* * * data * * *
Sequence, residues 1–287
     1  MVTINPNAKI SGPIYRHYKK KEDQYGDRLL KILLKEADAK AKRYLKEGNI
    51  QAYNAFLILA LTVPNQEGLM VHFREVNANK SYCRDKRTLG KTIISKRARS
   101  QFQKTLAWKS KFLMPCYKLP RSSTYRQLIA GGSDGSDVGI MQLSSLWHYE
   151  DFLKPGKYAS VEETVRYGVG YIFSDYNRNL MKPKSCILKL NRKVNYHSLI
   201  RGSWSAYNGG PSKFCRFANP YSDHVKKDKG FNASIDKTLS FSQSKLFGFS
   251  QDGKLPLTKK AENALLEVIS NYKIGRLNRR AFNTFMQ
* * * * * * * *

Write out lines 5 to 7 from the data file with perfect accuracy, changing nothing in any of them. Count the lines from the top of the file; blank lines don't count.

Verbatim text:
   151  DFLKPGKYAS VEETVRYGVG YIFSDYNRNL MKPKSCILKL NRKVNYHSLI
   201  RGSWSAYNGG PSKFCRFANP YSDHVKKDKG FNASIDKTLS FSQSKLFGFS
   251  QDGKLPLTKK AENALLEVIS NYKIGRLNRR AFNTFMQ